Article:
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October 16, 2012
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  Disability Update 
  • Federal grants to help support community services
    The U.S. Department of Housing and Urban Development is providing more than $31 million in federal grant funding to help increase access to supportive living services for about 14,000 individuals with disabilities in 36 states and the District of Columbia. The grants are part of the agency's Multifamily Housing Service Coordinator Program, and will help provide access to meals, health care and other services for those living in federally subsidized multifamily housing. Disability Scoop (10/10) LinkedInFacebookTwitterEmail this Story
  • Gearing up for Medicare's open-enrollment period
    Open enrollment for Medicare begins this week, and beneficiaries will see Advantage plan premiums rise about 5%, the number of plan choices increase about 7%, the average basic premiums for drug plans go up about 33 cents and premiums for seven out of the 10 most popular drug plans rise by double-digit percentages. Consumer advocates said beneficiaries should pay attention to premiums, co-pays, deductibles, plan formularies and prior approval restrictions when choosing their plans during open enrollment, which ends Dec. 7. The Lansing State Journal (Mich.)/HealthDay News (10/14), The Wall Street Journal (10/13) LinkedInFacebookTwitterEmail this Story
  • Other News
  Assistive Technology 
  • Court decision paves way for Google digital book project
    A collaborative project by Google and several universities to digitize millions of books and enhance access for individuals with print disabilities will move forward now that a federal judge has rejected a copyright infringement lawsuit against the endeavor. "The landmark decision by the United States District Court for the Southern District of New York will revolutionize access to books for the blind," said Marc Maurer, president of the National Federation of the Blind. Education Week/On Special Education blog (10/12) LinkedInFacebookTwitterEmail this Story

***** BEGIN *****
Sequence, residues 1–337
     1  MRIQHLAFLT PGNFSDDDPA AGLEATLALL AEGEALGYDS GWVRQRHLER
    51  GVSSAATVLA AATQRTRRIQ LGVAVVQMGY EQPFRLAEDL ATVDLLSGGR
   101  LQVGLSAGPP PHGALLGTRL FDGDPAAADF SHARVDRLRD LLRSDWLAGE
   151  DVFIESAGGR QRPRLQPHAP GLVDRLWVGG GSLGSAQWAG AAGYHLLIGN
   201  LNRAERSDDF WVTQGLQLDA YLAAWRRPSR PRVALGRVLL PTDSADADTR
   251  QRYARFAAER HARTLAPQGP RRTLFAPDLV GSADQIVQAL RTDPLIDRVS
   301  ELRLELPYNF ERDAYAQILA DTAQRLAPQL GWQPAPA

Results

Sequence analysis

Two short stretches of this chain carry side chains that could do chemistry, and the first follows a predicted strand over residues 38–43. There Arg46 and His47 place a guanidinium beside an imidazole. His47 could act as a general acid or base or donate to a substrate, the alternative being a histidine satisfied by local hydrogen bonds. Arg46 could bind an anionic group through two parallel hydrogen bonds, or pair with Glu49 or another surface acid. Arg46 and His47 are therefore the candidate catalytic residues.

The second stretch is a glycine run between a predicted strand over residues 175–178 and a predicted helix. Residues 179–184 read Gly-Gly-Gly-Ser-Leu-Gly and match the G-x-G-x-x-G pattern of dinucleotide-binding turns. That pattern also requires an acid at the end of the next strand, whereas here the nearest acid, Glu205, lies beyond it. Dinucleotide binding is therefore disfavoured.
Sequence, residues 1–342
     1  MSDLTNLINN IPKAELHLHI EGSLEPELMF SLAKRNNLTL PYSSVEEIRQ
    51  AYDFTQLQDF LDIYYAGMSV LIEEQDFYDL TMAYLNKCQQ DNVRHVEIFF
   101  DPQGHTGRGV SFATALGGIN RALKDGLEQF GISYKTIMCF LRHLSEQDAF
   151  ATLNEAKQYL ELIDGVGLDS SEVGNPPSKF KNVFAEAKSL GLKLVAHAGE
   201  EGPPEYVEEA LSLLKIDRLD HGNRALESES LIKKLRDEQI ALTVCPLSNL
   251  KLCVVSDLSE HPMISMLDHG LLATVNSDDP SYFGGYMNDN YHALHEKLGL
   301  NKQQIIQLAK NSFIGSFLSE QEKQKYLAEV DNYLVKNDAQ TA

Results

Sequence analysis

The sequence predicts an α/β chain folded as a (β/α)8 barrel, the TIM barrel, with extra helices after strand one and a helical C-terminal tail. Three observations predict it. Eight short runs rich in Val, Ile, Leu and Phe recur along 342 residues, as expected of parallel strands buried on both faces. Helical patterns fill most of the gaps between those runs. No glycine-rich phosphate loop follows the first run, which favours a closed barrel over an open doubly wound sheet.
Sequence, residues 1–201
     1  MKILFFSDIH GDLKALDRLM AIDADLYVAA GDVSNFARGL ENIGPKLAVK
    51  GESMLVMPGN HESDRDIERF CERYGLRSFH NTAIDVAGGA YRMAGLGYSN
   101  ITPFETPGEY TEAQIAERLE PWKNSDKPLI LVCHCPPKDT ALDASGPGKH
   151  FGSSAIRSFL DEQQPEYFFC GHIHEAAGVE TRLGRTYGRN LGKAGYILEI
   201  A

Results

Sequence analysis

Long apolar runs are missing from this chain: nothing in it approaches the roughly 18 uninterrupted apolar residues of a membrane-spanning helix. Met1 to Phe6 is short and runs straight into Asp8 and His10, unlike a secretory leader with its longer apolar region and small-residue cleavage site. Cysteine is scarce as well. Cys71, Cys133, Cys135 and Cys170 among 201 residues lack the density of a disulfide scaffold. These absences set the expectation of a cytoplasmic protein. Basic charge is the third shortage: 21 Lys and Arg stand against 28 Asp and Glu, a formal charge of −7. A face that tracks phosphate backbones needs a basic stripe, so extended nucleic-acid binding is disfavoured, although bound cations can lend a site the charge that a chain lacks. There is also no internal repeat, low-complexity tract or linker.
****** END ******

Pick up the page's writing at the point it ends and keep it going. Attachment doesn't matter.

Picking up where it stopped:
• Settlement requires closed-captioning of streamed Internet videos
    Under a new agreement between Netflix and the National Association of the Deaf, all movies and other programming streamed on the Internet by Netflix will be closed-captioned for viewers who are deaf within the next two years. The settlement ends a lawsuit that began in 2010 and gained steam in June when a federal judge ruled that Netflix and other online providers are subject to the federal Americans with Disabilities Act. The Boston Globe (tiered subscription model) (10/10) LinkedInFacebookTwitterEmail this Story
 
  • Other News
  Transitions 
  • Experts outline concerns about online learning, special education
    Several concerns surround the participation of students with disabilities in online-learning programs, according to the principal investigators of the Center on Online Learning and Students with Disabilities, who detailed the issues in a letter to parents, educators and students. Concerns include complaints that online-learning environments may not effectively address students' needs, varying state and district policies regarding online learning and gaps in accessibility for some students with disabilities. Education Week/On Special Education blog (10/9), Disability Scoop (10/9) LinkedInFacebookTwitterEmail this Story
  • University offers mentors, support for students with disabilities